For the people from Alicante, few accustomed to these trots, the snow also brought them inconveniences. Some villages in the Alcoy mountain range were cut off from communication in the days immediately following the snowfall. Alcoy and Murcia were also isolated for some days. Likewise, there were problems in public lighting, electricity supply and, of course, in the crop fields. ‘We cannot fail to mention the particularly serious repercussions on homes and industrial facilities at those points where snow thicknesses approached or exceeded one meter in thickness,’ says geographer Enrique Moltó in his book Riesgos Naturales.
If it is already unusual to see snow falling in Alicante, in the Balearic Islands it is rarer, as the saying goes, than a green dog. 1956 is known in the country as the Year of the Snow or the year of the cold. A Siberian cold wave covered not only the Iberian Peninsula, but all of Europe. In those days the Spanish thermometers plummeted as rarely before and the cold record was broken at the Pyrenean observatory Estany Gento, an event that has not yet been officially surpassed, although unofficially.
Although in many places the storm was only felt in the form of unusual frosts, in the Balearic Islands, especially in Mallorca, the cold wave resulted in one of the heaviest snowfalls as never seen again. All the municipalities of the island were covered in white and temperatures reached -13º. The snow was present for at least 17 days and reached 60 centimeters in some places.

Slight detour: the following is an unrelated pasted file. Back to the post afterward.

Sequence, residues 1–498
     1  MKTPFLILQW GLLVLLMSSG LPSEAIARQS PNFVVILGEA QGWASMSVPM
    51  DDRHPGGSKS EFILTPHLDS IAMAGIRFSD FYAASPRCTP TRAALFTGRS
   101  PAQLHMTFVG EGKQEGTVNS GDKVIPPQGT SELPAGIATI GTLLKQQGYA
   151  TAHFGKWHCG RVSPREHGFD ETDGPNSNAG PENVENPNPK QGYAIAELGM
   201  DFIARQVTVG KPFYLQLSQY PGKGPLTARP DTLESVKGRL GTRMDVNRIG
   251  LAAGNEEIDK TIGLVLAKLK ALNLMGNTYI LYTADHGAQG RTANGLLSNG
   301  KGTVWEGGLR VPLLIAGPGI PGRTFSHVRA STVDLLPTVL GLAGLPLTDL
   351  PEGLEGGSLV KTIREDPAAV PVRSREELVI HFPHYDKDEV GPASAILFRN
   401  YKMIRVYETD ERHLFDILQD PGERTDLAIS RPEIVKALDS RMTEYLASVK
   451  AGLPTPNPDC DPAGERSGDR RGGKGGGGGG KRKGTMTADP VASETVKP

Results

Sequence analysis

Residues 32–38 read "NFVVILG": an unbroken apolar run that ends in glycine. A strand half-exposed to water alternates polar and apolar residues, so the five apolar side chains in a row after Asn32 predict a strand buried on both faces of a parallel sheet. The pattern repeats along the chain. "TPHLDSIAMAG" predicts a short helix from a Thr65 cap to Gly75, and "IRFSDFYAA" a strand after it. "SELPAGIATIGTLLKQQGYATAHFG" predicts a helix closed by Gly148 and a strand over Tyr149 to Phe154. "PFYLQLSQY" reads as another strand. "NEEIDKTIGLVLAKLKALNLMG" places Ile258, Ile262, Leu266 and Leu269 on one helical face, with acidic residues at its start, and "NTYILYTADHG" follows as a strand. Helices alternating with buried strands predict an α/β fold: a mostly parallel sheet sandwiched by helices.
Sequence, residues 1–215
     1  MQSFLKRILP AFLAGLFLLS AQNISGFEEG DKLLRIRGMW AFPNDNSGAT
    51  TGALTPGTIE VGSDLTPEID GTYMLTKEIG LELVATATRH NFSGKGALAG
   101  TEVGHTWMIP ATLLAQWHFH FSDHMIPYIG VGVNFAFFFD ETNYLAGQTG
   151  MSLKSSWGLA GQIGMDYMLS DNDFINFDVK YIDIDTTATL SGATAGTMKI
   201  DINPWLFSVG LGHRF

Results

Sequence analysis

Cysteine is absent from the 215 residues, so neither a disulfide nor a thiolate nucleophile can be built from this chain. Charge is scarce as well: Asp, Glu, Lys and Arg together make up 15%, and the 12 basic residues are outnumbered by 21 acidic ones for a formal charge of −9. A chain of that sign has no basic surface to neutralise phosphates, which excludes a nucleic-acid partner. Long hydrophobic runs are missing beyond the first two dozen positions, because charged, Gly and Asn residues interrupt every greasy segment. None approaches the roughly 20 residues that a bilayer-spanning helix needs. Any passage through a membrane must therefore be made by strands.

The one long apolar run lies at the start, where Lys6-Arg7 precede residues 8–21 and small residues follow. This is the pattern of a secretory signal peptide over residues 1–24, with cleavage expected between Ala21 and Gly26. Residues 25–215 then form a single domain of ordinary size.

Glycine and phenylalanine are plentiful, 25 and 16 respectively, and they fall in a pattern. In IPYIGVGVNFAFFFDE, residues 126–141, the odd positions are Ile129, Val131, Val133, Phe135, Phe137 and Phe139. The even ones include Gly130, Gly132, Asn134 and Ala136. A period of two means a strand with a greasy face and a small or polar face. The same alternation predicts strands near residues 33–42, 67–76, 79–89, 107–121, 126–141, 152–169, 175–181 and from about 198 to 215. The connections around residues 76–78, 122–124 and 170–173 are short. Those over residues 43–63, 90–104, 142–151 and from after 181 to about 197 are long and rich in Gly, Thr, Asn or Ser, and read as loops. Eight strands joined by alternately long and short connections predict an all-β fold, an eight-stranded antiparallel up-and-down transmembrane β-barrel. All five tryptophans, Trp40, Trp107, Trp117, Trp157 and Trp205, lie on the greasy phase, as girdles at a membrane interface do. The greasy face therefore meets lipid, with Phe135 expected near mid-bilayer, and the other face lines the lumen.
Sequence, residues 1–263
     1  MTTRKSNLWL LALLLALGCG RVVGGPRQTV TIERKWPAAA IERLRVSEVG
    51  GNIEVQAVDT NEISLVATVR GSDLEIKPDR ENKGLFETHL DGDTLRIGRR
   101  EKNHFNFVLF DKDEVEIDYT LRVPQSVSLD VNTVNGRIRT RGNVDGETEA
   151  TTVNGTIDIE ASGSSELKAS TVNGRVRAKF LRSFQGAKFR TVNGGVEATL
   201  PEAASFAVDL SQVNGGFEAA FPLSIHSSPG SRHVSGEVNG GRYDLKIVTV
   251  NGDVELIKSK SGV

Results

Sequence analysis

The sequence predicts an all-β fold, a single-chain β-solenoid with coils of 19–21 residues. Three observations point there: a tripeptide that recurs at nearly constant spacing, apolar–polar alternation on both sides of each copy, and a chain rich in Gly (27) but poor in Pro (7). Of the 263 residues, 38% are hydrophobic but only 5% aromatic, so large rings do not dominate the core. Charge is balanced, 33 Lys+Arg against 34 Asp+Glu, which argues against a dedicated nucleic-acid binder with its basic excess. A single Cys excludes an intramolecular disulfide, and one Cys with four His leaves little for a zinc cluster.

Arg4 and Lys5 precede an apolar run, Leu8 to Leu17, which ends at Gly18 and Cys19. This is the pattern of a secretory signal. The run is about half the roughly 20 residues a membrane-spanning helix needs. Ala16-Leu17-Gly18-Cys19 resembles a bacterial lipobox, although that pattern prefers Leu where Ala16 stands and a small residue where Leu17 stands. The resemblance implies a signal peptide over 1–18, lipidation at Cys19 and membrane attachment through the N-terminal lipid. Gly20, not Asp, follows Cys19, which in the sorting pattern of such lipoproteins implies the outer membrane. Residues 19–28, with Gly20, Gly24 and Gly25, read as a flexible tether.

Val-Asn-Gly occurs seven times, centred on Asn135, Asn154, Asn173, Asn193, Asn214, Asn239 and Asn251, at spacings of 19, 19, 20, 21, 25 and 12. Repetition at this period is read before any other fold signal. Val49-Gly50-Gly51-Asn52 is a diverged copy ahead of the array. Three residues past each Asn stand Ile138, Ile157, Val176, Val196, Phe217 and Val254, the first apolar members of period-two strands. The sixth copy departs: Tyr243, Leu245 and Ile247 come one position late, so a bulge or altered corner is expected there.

All this brought, naturally, a multitude of problems. The Menorcan Miguel Perea Cavaller recalled in the newspaper Menorca the storm: ‘The first day was a novelty and also seemed nice, but as the days passed it was a disaster, because in addition to freezing and the danger of falling, the dirt in the streets and houses was unpleasant and more without appropriate clothing and footwear’.
On Christmas 1962 almost all of Spain was below freezing. Thermometers in cities like Pamplona and Burgos reached -15º. But only in Catalonia was this freezing weather accompanied by snowfall. As if it were a gift, good or bad, on December 25 it did not stop snowing in the Catalan capital throughout the day. Layers of half a meter of snow buried the streets of Barcelona on a day that some took advantage of to ski down the Rambla or snowmen in the Plaza de Catalunya.
But snowfalls, as we know, always bring an unpleasant side. The festive nature of the day, the initial doubts about its scope and the lack of means and reflexes engendered inaction. Thus, Barcelona, which is not used to such snowfalls, did not fully recover from the event until after a month. Newspapers of the time recounted how some firefighters were in charge of transferring dozens of pregnant women to hospitals or taking the dead to cemeteries, the El Prat airport was closed for four days…
One of the unusual events that took place during those days was the call of the Francoist mayor José María Porcioles to the exiled in Andorra, and linked to ERC, Andreu Claret Casadessús with the intention of asking him for help. Specializing at the time in mountain communications, Claret brought 13 snow machines to Barcelona that cleared the streets of snow and rescued more than 3,000 vehicles. All this, at least, according to a Spanish newspaper. A desperate solution to snowfalls that, for the moment, has not been repeated.